27 September 1996

Lessons from past – options for the future

Winter barleys performed erratically this harvest depending mainly on moisture availability.

Andrew Blake asks what lessons can be learned

AVOID being over-influenced by one years results, look for reliability, but watch for varieties that seem suited by particular conditions. That sums up the reaction of industry specialists to this years winter barley results.

Most agree there are two options. Play safe and accept a reasonably assured, but modest yield – or gamble with a variety that should come up trumps, but may occasionally disappoint. Some varieties fared much better than others in last seasons unusual growing conditions. Whether such conditions repeat themselves remains to be seen. But for growers who believe the UK climate is changing, a trawl of trials figures could prove enlightening.

Hunting purely for drought-tolerant types, though, could be misleading, suggests Simon Philips of New Farm Crops. Many growers remember 1996 for the summer drought. Not so well recalled is the dull, cool spring, he says. "Varieties like Puffin, Melanie and Gleam, that like to get going early were delayed. That suited later maturing ones like Fanfare."

Results from Morley Research Centre in drought-stricken East Anglia indicate that for some varieties, notably Gaelic, the causes of poor yields occurred even earlier.

Disease pressure muddies the picture further. NIAB figures put Puffin, jointly the least resistant of the listed varieties to net blotch, two points down on its five-year average. "There were some very high levels of net blotch in the south-west and Puffin didnt do very well there," notes Mr Philips. The fact that the south-west tends to warm up sooner in the spring is significant, he believes.

That Fanfare had a good year is generally acknowledged. Alan Armstrong for breeder Zeneca says it is one of several varieties that seemed to handle the dry weather better than others.

Regina, a couple of points ahead of its five-year mean in NIAB trials, also did very well, he acknowledges. But initial Arable Research Centres work suggests it may be more suited to heavier rather than light land.

Fanfare calls tune

"My own view is that Fanfare is a type that doesnt set quite so many grain sites, but under a drought can fill them better," says Mr Armstrong. He admits his comment is based on observation rather than strict science.

Of all varieties in ARC trials Fanfare recorded the highest comparative yield rating – on thin limestone brash at Cirencester. But on clay loam at Taunton it gave slightly below the site mean, leaving it with the widest overall yield range in the trials.

Unfortunately soil moisture deficits for the two sites are not available, says director Dr Mike Carver, so it cannot be assumed that drought was the main influence.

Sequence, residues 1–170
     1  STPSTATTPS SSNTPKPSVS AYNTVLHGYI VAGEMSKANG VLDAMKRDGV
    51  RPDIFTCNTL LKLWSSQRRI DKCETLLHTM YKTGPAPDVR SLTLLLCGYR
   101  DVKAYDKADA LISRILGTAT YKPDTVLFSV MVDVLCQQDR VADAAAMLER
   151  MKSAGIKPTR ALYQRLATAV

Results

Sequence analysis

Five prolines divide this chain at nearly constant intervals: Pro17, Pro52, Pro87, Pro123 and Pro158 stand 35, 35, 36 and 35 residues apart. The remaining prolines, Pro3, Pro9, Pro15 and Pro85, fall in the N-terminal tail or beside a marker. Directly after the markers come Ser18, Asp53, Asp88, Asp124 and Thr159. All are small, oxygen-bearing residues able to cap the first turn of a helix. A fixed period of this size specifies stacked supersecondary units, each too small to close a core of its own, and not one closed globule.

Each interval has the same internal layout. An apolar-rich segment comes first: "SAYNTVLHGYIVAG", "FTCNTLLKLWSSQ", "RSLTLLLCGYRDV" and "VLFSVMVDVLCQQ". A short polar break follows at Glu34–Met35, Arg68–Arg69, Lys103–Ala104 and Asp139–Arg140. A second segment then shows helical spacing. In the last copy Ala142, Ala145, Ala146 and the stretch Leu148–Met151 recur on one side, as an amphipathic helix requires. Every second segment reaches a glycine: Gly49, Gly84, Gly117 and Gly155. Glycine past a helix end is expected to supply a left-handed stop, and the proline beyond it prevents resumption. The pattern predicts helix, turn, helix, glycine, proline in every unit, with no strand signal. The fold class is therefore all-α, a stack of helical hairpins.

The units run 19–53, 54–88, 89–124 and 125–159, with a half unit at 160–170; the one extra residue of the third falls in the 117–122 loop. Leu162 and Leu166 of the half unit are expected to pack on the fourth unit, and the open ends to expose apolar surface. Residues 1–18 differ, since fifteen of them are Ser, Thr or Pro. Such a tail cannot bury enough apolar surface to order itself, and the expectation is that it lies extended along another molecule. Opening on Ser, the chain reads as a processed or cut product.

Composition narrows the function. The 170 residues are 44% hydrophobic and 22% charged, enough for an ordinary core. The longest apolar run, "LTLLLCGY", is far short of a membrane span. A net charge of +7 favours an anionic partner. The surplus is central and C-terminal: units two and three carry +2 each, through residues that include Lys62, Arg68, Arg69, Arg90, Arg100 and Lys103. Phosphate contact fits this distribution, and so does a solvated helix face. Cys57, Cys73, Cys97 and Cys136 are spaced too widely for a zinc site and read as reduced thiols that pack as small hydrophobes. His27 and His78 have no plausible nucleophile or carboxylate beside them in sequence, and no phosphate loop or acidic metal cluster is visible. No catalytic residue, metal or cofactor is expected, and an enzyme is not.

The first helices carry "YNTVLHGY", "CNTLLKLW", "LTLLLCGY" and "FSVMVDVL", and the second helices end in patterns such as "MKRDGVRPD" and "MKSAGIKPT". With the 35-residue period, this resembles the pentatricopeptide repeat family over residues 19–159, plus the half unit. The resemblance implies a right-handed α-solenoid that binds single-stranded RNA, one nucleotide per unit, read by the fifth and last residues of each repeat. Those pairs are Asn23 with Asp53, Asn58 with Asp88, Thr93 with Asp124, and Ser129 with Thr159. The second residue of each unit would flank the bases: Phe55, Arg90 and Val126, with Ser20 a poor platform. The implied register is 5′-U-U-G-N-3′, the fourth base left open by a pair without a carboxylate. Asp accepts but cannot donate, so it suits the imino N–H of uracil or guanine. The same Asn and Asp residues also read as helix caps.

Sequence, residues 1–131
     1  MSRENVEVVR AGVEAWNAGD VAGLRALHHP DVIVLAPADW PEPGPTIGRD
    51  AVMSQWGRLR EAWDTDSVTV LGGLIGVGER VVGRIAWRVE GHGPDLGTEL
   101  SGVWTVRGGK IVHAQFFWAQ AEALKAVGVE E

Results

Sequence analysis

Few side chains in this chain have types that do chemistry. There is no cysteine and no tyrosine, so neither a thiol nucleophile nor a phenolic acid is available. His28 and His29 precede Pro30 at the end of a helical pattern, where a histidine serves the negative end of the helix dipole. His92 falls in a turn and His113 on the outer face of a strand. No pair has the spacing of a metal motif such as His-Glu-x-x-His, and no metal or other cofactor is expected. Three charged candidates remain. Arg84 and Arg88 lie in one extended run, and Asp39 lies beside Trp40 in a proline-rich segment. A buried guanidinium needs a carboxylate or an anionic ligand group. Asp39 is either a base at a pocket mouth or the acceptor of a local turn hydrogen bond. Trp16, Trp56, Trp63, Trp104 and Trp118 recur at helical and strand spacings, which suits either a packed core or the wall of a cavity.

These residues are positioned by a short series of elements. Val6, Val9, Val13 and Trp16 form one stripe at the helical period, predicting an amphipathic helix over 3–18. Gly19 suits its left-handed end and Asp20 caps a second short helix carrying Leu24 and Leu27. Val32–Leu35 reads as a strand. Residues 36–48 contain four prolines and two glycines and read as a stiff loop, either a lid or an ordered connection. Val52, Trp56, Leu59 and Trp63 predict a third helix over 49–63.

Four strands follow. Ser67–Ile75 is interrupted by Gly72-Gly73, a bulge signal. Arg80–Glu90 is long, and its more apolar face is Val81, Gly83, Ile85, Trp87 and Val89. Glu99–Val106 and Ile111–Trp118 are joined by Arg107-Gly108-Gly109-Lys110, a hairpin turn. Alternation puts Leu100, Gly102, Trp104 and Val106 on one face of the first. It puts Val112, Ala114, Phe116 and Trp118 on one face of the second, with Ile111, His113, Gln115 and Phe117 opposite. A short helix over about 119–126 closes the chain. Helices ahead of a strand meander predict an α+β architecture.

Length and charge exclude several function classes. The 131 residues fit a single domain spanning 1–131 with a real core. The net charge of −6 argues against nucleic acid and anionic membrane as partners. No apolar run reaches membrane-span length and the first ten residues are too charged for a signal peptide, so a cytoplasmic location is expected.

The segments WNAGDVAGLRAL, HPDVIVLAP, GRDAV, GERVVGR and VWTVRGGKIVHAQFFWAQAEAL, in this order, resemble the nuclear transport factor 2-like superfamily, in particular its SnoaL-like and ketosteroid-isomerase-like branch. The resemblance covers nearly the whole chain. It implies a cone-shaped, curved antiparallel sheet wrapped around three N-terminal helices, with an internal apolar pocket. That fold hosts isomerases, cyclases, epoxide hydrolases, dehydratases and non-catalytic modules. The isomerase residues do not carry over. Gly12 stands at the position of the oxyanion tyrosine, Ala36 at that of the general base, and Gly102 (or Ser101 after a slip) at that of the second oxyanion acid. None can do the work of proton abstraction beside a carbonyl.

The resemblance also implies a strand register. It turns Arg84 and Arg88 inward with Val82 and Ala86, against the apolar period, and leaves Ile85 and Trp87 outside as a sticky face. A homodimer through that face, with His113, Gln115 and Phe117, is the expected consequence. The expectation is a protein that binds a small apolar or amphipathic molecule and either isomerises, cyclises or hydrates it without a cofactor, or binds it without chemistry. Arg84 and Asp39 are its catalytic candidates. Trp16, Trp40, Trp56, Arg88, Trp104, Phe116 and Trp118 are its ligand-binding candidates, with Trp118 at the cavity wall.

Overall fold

Nine varieties in ARC work across six regions had relative yield ranges of between 5 and 10%. Another 16 registered between 10 and 20%. But the difference between Fanfares highest and lowest relative output was 25.1%.

Only three varieties proved particularly consistent across all ARC regions – Puffin and two mid-yielding newcomers, Candy and WB94/5 (Spirit). But with site ratings of only 88.3-92.4, Puffin clearly showed its dislike of 1996 conditions.

Berks-based AICC agronomist Laurence Sim says one of the attractions of Epic and Pastoral has been their regularly sound performance.

On heavy, moisture-retentive land Gaelic did well last year, he adds. "But its not very popular because of its very short drilling window."

MRC agronomist Doug Stevens believes last autumns dry conditions largely explain disappointing results from Gaelic in both heavy and light land trials. Excessively dry seed-beds meant it did not tiller as it should. "The roots grew between the clods, but then died out in spring leaving thin crops so it could not give its full potential."

Elsoms Bob Miles says the key to good results from Gaelic is sowing date. "It shouldnt be drilled by the first week in October."n


&#8226 Dry autumn, cool dull spring and summer drought.

&#8226 Establishment big factor for some varieties.

&#8226 Early developing types disadvantaged.

&#8226 Wide yield range of top ARC performer.

&#8226 Some indications of drought resistance.

&#8226 Disease pressure influences.

&#8226 Scope for more physiological response research.

Pinpointing the causes of variable winter barley results is not easy. But some varieties can clearly withstand adverse conditions better then others.